Whose AI is Smarter?

Recently, I had the opportunity to participate in the “Clarifying Artificial Intelligence” panel at the Goldman Sachs TechNet Conference Asia Pacific 2017 in Hong Kong. We were asked to discuss AI technology, its applications and implications. During the panel and the follow-up meetings afterwards, there was a common theme to the questions asked by the audience. It was evident that AI and its related technologies were regarded as a holistic, all-in-one, mega-brain “thingy” which was expected to be “fed with questions or problems” and subsequently spit out automatic “answers and optimal solutions” with the push of a button. With this flawed logic, the questions asked were focused on comparing different AI “alternatives” or, bluntly “which company has a ‘smarter’ AI?”

Honestly, I wasn’t particularly surprised by these questions. Firstly, on the public and media front, we are hammered with news items and articles (some are advertisements in disguise) which focus on the “easy to understand” or attention-grabbing AI applications, such as AI machines beating human chess masters or vehicles driving flawlessly on the highway. Secondly, at its core, AI technology utilizes various advanced computer science and sophisticated mathematical algorithms, and isn’t easily understandable by the average person. So, there are numerous attempts to compose simplified explanations – which consequently, in most cases, do this technology harm. The bottom line – combining oversimplification with provocative examples has led to the belief that very soon we will all be able to purchase robots from US Robots & Mechanical Men (I, Robot – Asimov).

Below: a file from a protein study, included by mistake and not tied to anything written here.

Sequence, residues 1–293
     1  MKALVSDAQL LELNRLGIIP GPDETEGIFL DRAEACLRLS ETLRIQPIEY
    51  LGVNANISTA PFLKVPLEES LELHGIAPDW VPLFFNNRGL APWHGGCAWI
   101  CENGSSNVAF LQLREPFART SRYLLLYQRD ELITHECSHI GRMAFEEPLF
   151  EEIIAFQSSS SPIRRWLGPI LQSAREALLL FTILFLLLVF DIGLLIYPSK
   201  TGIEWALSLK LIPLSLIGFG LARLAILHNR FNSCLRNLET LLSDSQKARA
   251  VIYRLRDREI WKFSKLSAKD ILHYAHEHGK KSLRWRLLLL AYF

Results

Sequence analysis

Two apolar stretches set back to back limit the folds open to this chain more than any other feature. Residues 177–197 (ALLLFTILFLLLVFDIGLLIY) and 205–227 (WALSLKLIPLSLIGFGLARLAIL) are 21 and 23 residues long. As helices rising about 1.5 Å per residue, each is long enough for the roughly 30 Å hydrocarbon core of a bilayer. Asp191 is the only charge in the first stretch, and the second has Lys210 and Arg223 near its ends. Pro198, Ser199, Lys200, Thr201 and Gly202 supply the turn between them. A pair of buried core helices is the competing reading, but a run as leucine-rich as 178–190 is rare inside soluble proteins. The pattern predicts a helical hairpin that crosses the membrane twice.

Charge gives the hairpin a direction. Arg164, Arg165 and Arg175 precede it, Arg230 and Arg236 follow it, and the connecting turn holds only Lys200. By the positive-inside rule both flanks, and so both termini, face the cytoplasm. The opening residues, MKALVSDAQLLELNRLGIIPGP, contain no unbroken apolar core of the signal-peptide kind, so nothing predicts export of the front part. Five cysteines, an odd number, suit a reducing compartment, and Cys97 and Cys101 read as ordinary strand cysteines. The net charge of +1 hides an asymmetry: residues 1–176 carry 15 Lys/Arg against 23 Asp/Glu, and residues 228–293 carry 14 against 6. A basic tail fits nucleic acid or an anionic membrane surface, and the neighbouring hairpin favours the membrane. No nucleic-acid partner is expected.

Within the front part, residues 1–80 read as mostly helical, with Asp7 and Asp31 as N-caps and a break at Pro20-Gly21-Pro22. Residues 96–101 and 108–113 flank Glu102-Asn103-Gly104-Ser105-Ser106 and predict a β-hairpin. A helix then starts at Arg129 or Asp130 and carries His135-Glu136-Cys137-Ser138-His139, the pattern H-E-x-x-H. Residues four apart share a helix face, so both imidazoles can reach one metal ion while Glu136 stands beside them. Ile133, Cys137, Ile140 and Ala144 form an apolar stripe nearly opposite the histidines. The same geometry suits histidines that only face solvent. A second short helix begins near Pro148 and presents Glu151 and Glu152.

The somewhat shocking truth is that we are still only at the beginning of all it. It is correct that many companies are focused on establishing common platforms for hosting or accelerating AI-related algorithms, but, as we speak, many industries are still struggling with the basic way they do business and seeking immediate solutions for their existing problems. These industries lack the internal expertise for utilizing common AI technology platforms and tuning them to their own needs, and in many cases, as these platforms try to solve a generic problem, cannot match the scale and subtleties of the explicit issues they face.

At Voyager Labs, we take a pragmatic approach. We address some of society’s and businesses’ biggest challenges with products that employ leading edge, innovative AI technology at their core. Although the AI component is vital to the products’ operation and success, the focus is on the practicalities of the product offering. The attention on a specific vertical also resolves the need for a flat AI to AI comparison. It is not about which AI is smarter; it’s about the quality and impact of the end result. Whether it be a solution for optimizing a bank’s loan portfolio by assessing an individual’s financial risk — the success measurement is in the savings of lost funds (non-returned loans) or in the increase of approved viable applicants. If it’s the enhanced capability of ecommerce shops to understand consumer better — the success measurement will simply be the metric of raised conversion rates and increased sales.

In summary – hype aside, AI can definitely be used to solve various industry relevant problems and it is the solution benefits which should provide the appropriate measurement means for the technology’s “smartness”.

By Jay Klein, Voyager Labs CTO

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